The foreboding front page of the mailer puts the reader at the business end of an Uzi.
Beneath it, in large letters, are the words "WEAPONS OF WAR."
Inside is a comparison between the two candidates for state House District 45 and their supposed stands on military-style assault weapon bans.
The Democrat, Marcelino Oliva, supports such a ban. "He will work to protect us from these dangerous killing machines by banning all types of these dangerous military-style weapons of war. Period," the mailer claims.
The Republican, Mike Fasano, is opposed, the mailer states. He "would stand aside while these semiautomatic weapons of war remain available in stores for purchase by any gang member or violent criminal."
On Friday, Fasano shot back at Oliva over the political piece, saying it echoed the Dade City osteopathic physician's tactics in the 1992 state Senate District 10 race.
"They're reaching," Fasano told the Times. "That's nothing but a distortion and a misrepresentation."
Rick Melendi, Oliva's campaign manager, said the mailer was based on a National Rifle Association report card on both candidates.
Fasano, who told the NRA he would oppose further legislation banning the sale and possession of semiautomatic assault weapons by law-abiding citizens, got an A.
Oliva, who would support a ban on the sale (but not possession), got a D.
Melendi denied that the mailer, which reached voters Thursday, was a desperation measure. He didn't see it as a distortion or a misrepresentation.
"I don't think it's taking it too far," Melendi said. "If you don't ban these weapons, they will remain in stores and anyone can purchase the weapons, be it with violent intentions or not. I think the mailer is fair."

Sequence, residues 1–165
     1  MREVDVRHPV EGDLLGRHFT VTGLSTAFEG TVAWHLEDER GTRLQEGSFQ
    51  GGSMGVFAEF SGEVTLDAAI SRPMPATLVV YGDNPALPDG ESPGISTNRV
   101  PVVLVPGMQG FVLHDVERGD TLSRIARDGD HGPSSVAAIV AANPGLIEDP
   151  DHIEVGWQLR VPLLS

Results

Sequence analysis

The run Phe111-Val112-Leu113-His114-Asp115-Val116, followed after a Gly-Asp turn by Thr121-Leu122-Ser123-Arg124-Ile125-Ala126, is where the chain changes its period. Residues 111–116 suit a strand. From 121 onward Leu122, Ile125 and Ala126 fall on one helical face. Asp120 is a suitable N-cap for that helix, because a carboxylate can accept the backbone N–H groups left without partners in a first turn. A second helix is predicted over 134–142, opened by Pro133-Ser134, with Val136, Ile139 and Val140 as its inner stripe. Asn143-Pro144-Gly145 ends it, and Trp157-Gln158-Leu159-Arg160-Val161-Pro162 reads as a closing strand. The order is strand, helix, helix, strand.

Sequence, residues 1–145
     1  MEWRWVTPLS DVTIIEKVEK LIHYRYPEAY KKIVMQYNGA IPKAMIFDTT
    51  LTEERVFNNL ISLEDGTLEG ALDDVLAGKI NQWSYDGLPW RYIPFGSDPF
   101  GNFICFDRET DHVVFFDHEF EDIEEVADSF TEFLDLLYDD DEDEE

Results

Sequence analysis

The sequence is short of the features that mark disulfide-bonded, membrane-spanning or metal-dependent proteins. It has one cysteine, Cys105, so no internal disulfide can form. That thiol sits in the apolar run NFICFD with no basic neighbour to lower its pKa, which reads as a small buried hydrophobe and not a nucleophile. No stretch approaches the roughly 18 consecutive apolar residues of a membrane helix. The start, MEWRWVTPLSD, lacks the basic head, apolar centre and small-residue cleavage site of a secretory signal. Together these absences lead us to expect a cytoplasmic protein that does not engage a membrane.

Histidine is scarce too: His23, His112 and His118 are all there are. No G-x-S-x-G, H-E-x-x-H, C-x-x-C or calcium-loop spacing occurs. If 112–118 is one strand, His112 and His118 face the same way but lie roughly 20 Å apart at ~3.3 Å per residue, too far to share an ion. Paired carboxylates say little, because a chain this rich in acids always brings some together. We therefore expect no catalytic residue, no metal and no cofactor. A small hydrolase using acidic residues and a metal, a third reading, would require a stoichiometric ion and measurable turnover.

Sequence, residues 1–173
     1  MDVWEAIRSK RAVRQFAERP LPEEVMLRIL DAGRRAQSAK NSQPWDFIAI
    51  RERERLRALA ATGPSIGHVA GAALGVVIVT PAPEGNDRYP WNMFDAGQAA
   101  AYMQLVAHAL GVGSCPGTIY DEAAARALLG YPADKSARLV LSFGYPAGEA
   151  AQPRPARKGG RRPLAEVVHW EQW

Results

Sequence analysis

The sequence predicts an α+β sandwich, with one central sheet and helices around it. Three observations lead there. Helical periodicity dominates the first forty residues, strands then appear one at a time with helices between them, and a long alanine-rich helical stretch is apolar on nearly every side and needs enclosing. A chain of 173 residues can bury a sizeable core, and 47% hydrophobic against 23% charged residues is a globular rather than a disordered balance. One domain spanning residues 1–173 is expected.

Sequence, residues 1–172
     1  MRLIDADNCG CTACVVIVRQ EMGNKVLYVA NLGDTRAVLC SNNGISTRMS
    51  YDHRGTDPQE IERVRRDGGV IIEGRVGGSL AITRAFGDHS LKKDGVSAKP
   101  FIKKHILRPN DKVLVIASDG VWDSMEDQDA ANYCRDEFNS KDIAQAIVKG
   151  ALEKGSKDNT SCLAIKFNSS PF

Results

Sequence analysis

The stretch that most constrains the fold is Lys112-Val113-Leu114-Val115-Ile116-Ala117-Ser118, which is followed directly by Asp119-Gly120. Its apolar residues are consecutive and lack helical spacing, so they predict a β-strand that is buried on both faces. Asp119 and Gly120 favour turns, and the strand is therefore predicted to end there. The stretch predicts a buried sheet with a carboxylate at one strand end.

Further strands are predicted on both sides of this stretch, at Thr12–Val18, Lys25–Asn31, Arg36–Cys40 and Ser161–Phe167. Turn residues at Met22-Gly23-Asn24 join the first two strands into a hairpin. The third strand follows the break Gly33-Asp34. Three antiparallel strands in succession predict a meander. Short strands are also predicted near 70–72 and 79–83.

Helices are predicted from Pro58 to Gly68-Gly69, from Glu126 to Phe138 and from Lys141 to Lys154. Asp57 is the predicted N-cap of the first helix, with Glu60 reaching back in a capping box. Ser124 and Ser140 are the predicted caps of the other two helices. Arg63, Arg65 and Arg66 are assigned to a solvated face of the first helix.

Fasano disagreed. "I am in favor of the laws that exist, but I wouldn't change anything that allows law-abiding citizens to own legal weapons."
In a news release, Fasano insisted that he opposes criminals acquiring guns and supports mandatory prison sentences for felons who illegally possess firearms or use guns while committing crimes.
Fasano raised the specter of the 1992 campaign, during which Oliva's campaign consultants mailed a misleading flier depicting opponent Chuck Smith as a polluter. Oliva was tagged a "mudslinger" in a Times editorial and Smith called him a "scumbag," Fasano noted.
Ultimately, Oliva lost the 1992 race. This year, when he announced his candidacy for District 45, he called the incident a mistake and vowed it would not happen again.
"Marcelino's attacks backfired two years ago, and I am certain his attacks will backfire this time," Fasano wrote. "While I am walking door to door, voters are really sick and tired of negative campaigns which are filled with distortions and lies, and Oliva's mailer certainly fits into that category."
Melendi defended the mailer. "The pieces coming from the Oliva campaign are factual, informational and truthful."